Antonellis and the Community
But business wasn't everything: Domenico also had the interests of the Italian community at heart. He joined the committee of the then 'Italian Catholic Society' and became their first president until 1934. In 1937 he was elected Honorary President and held office until the start of World War Two. Ernesto, and later Romolo, served as Treasurer to the society from 1924 until 1934, and Romolo again from 1937 until 1939. Romolo was responsible for the purchase of the ‘The Madonna and Child’ statue that he had seen at a religious artifact exhibition at the Monastery of Monte Cassino for £63-10s-6d in 1930, and which was carried for the first time in that year's procession. Domenico and Romolo organised the annual pilgrimage to Holywell for seven years from 1926 until 1932.
In 1913 the family formed The 'Star of Italy ' musical society, the aim being to produce a band of Italian Boys who could lead the annual procession. He chose the officers dress uniform of his old regiment, 'The Bersaglieri', which were specially purchased along with instruments out of his own funds. The following year, 30 boys proudly led by Domenico led the Italian Society in procession. The band was so successful not only for its originality, but also for the quality of its performance, that it was engaged by the British Army in its recruitment campaigns in Manchester and Birmingham. Unfortunately most of the boys were of military service age and left to serve in both the British and Italian Army, and the society was disbanded.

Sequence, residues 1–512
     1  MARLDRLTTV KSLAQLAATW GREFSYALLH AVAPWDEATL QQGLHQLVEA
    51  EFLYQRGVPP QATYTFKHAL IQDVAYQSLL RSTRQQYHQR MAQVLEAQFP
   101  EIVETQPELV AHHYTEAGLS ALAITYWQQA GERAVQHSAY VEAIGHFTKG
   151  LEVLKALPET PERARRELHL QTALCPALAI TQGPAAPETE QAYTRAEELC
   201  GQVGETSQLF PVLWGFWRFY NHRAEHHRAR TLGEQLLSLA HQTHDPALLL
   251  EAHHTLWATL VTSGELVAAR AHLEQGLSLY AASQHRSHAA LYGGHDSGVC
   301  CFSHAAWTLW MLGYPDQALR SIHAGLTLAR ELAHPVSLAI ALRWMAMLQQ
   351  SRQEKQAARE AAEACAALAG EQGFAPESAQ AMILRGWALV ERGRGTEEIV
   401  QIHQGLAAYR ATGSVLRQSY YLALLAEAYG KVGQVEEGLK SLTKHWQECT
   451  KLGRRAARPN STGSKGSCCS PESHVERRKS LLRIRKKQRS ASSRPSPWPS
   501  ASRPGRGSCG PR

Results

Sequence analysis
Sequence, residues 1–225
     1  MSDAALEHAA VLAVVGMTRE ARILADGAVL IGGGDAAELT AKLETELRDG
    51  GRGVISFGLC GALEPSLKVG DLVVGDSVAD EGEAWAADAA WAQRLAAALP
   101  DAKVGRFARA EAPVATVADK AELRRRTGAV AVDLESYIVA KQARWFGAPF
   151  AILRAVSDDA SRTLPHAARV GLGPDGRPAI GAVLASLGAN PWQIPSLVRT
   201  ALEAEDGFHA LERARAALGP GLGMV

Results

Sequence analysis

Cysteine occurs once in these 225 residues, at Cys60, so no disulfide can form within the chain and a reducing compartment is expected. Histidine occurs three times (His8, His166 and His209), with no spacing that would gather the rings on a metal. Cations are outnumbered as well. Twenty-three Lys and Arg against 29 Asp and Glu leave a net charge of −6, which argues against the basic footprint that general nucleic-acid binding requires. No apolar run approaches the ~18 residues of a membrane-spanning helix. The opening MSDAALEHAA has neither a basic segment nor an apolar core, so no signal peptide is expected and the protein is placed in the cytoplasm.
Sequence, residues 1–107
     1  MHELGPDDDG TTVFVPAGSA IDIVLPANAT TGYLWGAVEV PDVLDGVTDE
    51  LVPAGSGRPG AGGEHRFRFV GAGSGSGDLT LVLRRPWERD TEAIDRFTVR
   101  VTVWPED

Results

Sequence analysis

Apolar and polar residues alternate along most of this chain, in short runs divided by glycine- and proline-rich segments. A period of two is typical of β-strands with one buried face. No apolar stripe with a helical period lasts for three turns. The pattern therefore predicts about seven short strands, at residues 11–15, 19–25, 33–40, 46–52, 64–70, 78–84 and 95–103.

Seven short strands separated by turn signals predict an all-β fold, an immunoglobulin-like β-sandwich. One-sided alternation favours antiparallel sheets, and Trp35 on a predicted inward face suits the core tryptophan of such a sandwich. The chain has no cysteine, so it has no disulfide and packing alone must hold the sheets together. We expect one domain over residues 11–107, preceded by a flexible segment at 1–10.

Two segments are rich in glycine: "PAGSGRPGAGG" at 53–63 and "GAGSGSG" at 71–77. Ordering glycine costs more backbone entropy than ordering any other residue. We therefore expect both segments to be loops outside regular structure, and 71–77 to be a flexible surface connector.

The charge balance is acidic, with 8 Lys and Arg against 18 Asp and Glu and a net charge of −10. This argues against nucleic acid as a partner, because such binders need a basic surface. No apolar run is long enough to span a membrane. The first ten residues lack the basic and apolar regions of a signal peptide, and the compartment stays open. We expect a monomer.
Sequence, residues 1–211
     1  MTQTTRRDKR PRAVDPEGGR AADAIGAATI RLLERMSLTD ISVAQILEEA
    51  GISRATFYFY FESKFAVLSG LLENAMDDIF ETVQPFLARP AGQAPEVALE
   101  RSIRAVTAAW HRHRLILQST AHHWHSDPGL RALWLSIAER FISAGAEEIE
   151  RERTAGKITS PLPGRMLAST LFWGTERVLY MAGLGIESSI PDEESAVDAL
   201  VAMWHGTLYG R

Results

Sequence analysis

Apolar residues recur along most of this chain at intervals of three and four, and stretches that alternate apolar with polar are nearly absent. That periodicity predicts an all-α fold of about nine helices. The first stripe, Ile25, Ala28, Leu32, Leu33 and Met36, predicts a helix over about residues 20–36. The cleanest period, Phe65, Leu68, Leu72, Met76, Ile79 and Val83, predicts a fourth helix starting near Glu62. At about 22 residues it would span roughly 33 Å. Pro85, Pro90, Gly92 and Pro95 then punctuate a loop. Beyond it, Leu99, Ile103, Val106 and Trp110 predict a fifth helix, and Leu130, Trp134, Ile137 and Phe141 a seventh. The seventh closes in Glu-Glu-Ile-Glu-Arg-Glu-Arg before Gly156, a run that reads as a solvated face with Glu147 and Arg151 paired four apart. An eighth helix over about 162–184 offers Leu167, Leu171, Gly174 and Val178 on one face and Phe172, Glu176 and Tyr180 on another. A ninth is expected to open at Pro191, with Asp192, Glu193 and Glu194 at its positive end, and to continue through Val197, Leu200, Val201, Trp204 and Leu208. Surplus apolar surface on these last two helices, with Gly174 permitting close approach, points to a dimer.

His contribution to the Italian community was recognised not only in Manchester but also in Italy, being awarded by the Italian government the 'Grand Cross of Merit' in 1914, and 'Star of Merit' in 1922, for his business success and for his social work within the Italian community, and 'Cavaliere della Corona D'Italia' - Knight of the Crown of Italy - in 1932, a then rare award for an Italian living abroad.
In 1943, at the age of 86, Domenico the much-respected elder stateman of the Manchester Italian colony died as peacefully as he had lived. There is little doubt that if it was not for his continual concern for the safety of his family and business as the bombs of the Second World war fell on Trafford Park, he would have enjoyed many more years of happy retirement.
When peace came, and controls were lifted, business was as before with an ever-increasing range of biscuits. On returning from their National Service, Romolo's three sons joined the business during 1952-54. By the late 1950s the factory had grown to 120,000 sq. ft. and was fully equipped with the most modern baking and processing machinery. But the market was changing and the absence of other members of their generation was making life difficult. Motivated by the urge to "progress", in 1961 Ernest, Roland and Victor moved on to start a new business in Eccles, Manchester, specialising in cones for ice cream. These were to be cones for the connoisseur: a quality biscuit, not just a container for ice cream but a tasteful addition to it.
In 1962 their father Romolo was privileged to be knighted 'Cavaliere' by the Italian Government, as their grandfather had been thirty years earlier. And the following year 'The International' was sold to 'Wrights Biscuits' (now part of 'United Biscuits') and the directors retired. Romolo, however, was invited to join the board as chairman of Antonelli Bros. Ltd., for even in retirement he was keenly interested in their small but industrious company. Although starting at 'The International', the brothers have pioneered the marketing of rolled sugar cones, under the trade mark 'Sugaco-Twist', in this country. The product is now growing in popularity as a factory-filled novelty.
*pictures and text © Roland Antonelli, not to be used without permission
All text and images (unless marked *) © Anthony Rea 2010 not to be used without permission. All rights reserved